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Need For A Witness Protection Law In India

The Honorable Supreme Court of India in the case of Mahendra Chawla v. Union of India[1] decided on 5th December 2018, approved the Draft Witness Protection Scheme which was prepared by the inputs from 18 States and Union Territories, various open sources inviting suggestions from police personnel, judges and civil society members which was ultimately finalized by the National Legal Services Authority (NALSA).

A bench comprising of Honorable Justice A.K. Sikri and Justice S. Abdul Nazeer held:
The right to testify in courts in a free and fair manner without any pressure and threat whatsoever is under serious attack today. If one is unable to testify in courts due to threats or other pressures, then it is a clear violation of Article 21 of the Constitution. The right to life guaranteed to the people of this country also includes in its fold the right to live in a society, which is free from crime and fear and right of witnesses to testify in courts without fear or pressure.”

The need to protect witnesses has been emphasized by the Apex court in Zahira Habibulla H. Sheikh and Another v. State of Gujarat and Others[2]. The Supreme Court Bench comprising of Honorable Justice Raju Doraiswamy and Justice Arijit Pasayat observed that if the witness is threatened or is forced to give false evidence that shall not result in a fair trial. We need to understand that the role of the judiciary is limited in granting absolute protection to the witness in a matter.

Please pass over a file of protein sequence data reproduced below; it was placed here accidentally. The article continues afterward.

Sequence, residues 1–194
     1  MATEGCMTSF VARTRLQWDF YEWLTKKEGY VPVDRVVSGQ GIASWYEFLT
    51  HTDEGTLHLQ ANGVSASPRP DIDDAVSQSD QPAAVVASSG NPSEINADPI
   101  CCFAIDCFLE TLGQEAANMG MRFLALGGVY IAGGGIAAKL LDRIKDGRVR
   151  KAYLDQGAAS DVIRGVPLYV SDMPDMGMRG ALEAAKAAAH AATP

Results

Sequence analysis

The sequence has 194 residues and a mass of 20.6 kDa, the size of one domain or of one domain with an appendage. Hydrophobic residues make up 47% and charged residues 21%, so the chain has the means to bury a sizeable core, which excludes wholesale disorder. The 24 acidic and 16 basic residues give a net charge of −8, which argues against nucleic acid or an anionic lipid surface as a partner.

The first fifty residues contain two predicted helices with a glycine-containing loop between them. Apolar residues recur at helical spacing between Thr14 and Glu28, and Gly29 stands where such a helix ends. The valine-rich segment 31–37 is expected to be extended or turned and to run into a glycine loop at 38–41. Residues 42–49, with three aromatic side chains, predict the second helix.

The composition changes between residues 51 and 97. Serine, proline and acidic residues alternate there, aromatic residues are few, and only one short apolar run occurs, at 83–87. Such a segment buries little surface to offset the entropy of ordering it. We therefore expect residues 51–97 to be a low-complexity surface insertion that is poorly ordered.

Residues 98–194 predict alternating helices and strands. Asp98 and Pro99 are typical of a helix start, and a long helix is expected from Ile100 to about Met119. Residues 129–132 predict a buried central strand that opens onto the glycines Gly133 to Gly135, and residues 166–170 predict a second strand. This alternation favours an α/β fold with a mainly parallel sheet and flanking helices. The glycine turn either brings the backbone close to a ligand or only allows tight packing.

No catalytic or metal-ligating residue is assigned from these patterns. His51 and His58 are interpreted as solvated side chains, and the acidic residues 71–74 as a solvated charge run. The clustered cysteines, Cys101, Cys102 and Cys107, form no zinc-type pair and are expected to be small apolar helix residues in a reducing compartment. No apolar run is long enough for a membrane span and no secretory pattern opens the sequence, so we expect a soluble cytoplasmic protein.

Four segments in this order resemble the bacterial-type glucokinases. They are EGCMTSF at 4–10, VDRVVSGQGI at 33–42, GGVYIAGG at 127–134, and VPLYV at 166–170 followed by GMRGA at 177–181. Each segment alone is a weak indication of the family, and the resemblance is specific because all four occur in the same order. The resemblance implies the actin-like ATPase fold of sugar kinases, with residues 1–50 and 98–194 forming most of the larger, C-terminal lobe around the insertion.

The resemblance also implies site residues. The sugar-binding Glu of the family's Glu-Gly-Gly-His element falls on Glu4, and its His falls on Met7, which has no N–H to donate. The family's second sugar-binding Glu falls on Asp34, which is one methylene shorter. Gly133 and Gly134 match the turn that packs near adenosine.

The judiciary cannot act until it has full knowledge of the case and till the time the case comes before the Bench for hearing. In the matter of State of Gujarat v. Anirudh Singhh and another[3], a Bench comprising of Honorable Justice K. Ramaswamy and Justice D. Wadhwa observed:
It is the salutary duty of every witness who has the knowledge of the commission of crime, to assist the State in giving the evidence; unfortunately for various reasons, in particular deterioration in law and order situation and the principle of self-preservation, many a witness turn hostile and in some instances even direct witnesses are being liquidated before they are examined by the Court. In such circumstances, it is high time that the Law Commission looks into the matter.”

The need for a witness protection scheme has been emphasized time and again by various Law Commission Reports and the Malimath Committee. The 14th Law Commission Report[4] was the first to highlight the issue of witness protection. The 154th Report of the Law Commission[5] talked about the plight of witnesses.